Liberal Schizophrenia?

All the discussion this past week about conservative speech and media depictions influencing the behaviors of an obviously mentally ill individual has me wondering about a far more widely spread liberal mental illness, one characterized by a rabid, simultaneous defense of two diametrically opposed positions. We do tend to refer to those with multiple and wildly differing ideas as schizophrenic, do we not?

Yes, I know that F. Scott Fitzgerald famously said that the ability to hold two opposing ideas simultaneously was the sign of a first rate intellect, but some contend that Fitzgerald added the caveat, "And still retain the ability to function," which disposes of any rebuttal of my assertion from many liberals. And while he did not use the term simultaneously, Voltaire did say, "Madness is to think of too many things in succession too fast, or of one thing too exclusively." Perhaps liberal mental infirmity is best described as Orwellian doublethink.

Within hours of the Tucson shooting, we were being bombarded (snark intended) by liberals attempting to place blame on militant conservative speech. Typically blind and deaf to the same transgressions by their own kind, liberal pantywaists like Paul Krugman, frothed about the big, bad bullying conservatives and their threatening political discourse. Conservatives howled in angry outrage and pointed to endless examples of liberal usage of even more militant language.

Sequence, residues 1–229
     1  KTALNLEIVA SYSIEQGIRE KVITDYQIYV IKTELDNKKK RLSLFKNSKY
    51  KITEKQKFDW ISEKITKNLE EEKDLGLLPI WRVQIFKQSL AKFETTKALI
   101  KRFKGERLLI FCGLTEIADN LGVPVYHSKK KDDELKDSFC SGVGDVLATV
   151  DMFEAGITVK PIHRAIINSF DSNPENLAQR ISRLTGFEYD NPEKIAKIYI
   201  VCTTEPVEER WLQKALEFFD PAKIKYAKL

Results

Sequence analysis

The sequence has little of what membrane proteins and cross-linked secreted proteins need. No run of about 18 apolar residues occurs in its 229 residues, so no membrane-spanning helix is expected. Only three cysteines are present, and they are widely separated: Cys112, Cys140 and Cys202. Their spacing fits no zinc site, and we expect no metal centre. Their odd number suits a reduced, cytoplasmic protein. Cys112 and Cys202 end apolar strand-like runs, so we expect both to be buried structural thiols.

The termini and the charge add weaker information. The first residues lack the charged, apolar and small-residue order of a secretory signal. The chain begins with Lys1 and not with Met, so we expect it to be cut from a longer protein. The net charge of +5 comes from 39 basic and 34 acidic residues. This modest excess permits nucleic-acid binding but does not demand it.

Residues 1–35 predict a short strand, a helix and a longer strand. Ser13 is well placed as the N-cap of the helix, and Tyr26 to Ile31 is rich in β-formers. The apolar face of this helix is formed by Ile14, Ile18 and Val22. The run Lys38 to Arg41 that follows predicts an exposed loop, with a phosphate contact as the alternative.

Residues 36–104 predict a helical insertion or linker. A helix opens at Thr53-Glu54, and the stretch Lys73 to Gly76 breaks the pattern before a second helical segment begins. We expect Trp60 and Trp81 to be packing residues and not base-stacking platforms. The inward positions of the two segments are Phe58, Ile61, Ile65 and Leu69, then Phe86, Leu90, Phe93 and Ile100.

After listening to the back and forth on this for a week now, I am reminded, as in similar situations in the past, that the Libs are trying to have it both ways. They contend that conservative speech and actions disseminated in the media to the masses are the principal causes of periodic acts of violence by a deranged but easily influenced few within those masses. Yet when was the last time you had a discussion with a liberal about the influence that depictions of antisocial behaviors up to and including rape, sodomy and mass murder portrayed in movies, popular music and video games disseminated to the masses have on our impressionable youth?

I can remember the haughty ridicule with which my arguments were met and I'll wager you can as well. The very idea that any such association exists between media disseminated violence and violent individual behaviors is always met with a snotty, eye-rolling contempt that leaves no doubt as to what is thought of your benighted intellectual capabilities. To the supposedly intellectual Left, this is such a ridiculous allegation as to be unworthy of discussion and you can only be one of those small-town buffoons clinging to your guns, religion and xenophobia.

So once again we must pose the question to liberals, which is it? Does the depiction and dissemination of violence in the media cause some people to behave violently or not? To which far too many of them, demonstrating the truth of my first paragraph, will no doubt respond with an Orwellian, or perhaps schizophrenic, "Both."